There are two kinds of people in the world: those who never want Vince Gilligan’s creative interests to stray very far from the New Mexico desert and boring, uninteresting folks. El Camino: A Breaking Bad Movie does not have the same manic energy of “Breaking Bad” at its best, nor does it have the insane attention to arcane detail of spin-off “Better Call Saul.” Instead, the film combines fan service, Easter eggs and Gilligan’s characteristic tension-plus-puzzle set pieces with enough plot to advance the “Breaking Bad” story forward. For fans of the series, the film is a return to the Albuquerque of Heisenberg and Jesse Pinkman and that is all that really matters.

El Camino picks up right where the series left off back in 2013: Walter White (Bryan Cranston) has wiped out the neo-Nazis, liberated Jesse (Aaron Paul) from his slavery and then gone down in a blaze of gunfire. Jesse is trying to escape, and after a brief prologue with Mike (Jonathan Banks) suggesting he would go to Alaska if he had Jesse’s money, the film opens to Jesse shouting in dismay behind the steering wheel of an El Camino in the middle of the night, police sirens painting the horizon blue and red. He has just left the neo-Nazi compound—we soon learn that the El Camino belongs to the now-dead creepy sociopath Todd (Jesse Plemons)—and Pinkman knows he is bound to be the subject of a massive international manhunt. To get out of this situation, he turns to old friends Badger (Matt Jones) and Skinny Pete (Charles Baker), who hatch a plan to buy him time to escape.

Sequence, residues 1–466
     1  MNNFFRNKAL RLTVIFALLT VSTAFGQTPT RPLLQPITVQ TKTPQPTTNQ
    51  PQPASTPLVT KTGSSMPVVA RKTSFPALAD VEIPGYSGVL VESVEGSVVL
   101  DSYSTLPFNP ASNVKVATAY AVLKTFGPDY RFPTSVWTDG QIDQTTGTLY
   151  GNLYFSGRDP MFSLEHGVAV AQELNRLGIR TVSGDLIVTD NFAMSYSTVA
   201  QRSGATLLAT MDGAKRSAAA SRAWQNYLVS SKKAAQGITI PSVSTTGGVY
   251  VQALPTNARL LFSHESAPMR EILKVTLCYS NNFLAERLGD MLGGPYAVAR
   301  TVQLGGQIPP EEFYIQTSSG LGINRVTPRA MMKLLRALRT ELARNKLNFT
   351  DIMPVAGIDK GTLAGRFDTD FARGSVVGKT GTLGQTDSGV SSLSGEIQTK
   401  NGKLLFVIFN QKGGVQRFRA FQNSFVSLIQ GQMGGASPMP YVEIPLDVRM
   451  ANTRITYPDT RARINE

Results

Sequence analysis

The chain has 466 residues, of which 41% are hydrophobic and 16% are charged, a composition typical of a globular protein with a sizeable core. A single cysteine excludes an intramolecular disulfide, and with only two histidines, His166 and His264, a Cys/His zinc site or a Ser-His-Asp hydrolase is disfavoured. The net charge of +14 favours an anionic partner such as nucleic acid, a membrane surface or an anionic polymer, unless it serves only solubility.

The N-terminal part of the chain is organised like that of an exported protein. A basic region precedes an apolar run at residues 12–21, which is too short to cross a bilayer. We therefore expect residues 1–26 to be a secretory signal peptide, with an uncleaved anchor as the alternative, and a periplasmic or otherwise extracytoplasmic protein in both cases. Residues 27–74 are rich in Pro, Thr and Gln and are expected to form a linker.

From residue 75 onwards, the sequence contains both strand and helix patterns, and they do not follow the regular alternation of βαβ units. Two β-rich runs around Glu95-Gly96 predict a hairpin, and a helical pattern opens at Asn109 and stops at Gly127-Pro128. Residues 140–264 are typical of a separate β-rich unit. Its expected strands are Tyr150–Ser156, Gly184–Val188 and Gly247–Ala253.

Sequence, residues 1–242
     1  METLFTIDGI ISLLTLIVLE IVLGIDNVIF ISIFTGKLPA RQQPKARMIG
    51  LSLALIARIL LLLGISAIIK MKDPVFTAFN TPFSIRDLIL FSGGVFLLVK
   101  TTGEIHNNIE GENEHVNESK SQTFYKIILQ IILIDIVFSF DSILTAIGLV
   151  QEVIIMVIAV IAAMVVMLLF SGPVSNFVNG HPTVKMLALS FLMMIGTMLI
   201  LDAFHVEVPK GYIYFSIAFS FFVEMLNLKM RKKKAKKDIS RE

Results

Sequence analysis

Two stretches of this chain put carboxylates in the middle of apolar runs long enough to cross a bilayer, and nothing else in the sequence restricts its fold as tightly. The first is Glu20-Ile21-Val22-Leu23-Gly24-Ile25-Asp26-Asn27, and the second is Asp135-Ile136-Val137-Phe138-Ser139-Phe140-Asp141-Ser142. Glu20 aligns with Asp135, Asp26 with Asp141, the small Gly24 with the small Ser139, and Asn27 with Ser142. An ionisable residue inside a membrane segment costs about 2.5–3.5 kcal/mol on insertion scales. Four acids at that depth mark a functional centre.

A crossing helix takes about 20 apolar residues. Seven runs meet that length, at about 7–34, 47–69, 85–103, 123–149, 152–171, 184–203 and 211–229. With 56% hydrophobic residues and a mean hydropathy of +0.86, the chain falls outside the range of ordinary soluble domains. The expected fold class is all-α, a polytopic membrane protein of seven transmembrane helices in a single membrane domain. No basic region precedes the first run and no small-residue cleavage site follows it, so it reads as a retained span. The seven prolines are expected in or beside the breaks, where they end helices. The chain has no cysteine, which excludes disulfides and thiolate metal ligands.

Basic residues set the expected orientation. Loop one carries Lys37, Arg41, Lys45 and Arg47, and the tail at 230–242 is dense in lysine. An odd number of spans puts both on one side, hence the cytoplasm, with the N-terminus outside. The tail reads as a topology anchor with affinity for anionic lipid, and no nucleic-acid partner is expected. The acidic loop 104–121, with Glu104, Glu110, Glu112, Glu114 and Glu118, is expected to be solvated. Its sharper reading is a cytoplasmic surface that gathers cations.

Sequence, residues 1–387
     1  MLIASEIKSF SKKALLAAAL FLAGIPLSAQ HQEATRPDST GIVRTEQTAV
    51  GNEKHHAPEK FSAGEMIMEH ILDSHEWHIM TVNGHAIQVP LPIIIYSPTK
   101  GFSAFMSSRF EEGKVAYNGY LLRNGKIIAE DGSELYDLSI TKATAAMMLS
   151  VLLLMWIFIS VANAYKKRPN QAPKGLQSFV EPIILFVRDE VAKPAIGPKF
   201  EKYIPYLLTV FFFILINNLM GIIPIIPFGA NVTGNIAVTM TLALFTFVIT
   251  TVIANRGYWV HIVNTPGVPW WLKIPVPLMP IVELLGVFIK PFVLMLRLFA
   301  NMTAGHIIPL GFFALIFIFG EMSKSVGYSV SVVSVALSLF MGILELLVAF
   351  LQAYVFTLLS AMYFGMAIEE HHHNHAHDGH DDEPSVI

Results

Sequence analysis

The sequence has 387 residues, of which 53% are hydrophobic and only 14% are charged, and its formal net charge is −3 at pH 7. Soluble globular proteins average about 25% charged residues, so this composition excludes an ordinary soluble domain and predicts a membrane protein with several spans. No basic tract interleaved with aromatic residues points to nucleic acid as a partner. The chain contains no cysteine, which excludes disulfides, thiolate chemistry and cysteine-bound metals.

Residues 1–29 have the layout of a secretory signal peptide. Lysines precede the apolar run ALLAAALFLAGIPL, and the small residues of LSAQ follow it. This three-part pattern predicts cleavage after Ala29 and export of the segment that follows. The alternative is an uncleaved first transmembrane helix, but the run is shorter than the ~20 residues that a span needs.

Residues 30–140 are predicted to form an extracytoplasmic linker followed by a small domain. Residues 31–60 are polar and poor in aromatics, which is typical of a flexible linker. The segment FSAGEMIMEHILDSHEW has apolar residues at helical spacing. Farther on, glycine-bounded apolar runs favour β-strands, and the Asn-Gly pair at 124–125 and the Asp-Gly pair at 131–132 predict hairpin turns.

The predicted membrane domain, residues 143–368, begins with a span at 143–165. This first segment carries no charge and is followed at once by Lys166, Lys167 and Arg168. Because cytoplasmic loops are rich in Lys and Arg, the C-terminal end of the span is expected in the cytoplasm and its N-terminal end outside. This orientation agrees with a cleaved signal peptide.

Over the next two hours, El Camino switches from Jesse’s challenging escape attempt to flashbacks of his time in neo-Nazi internment. The flashbacks fill in gaps in the narrative of the TV series, each taking place between “Ozymandias” and “Felina” and are classic Gilligan: part character study, part depraved humanity and part absurdist action. There is no reason to spoil anything here, but each of the situations that Jesse is plunged into are direct callbacks to the series: stilted, unusual standoffs, fruitless scavenger hunts, desert panoramas and the returns of multiple beloved characters from the show. The Easter eggs are among the greatest pleasures in watching El Camino. There are crawlspaces, junkyards, night-camouflaged break-ins to compounds and even some knocking on doors.

Gilligan does manage to expand the film beyond pure fan service, even if it ultimately feels more like three new episodes of “Breaking Bad” than it does a work of cinema. It would be interesting to see how non-show viewers respond to El Camino, but it is likely that it barely works independently of its TV legacy, not that it is trying to do so. If it does have appeal for the not-already-converted, it is through offering an exploration of the idea of a man being held in a cage in the desert by neo-Nazis; what seemed like a far-fetched plot device in 2013 is now just part of the basic fabric of everyday life in the hellscape of 2019, and it is doubtful whether even someone with Heisenberg’s titanic intellect could have foreseen something like that.

When “Breaking Bad” was violently crashing towards its finale back in 2013, observers wondered whether the show was even more addictive than the blue meth at the center of its storyline. El Camino gambles that nostalgia for that 2013 feeling is just as good as propulsive plotting for attracting viewers.

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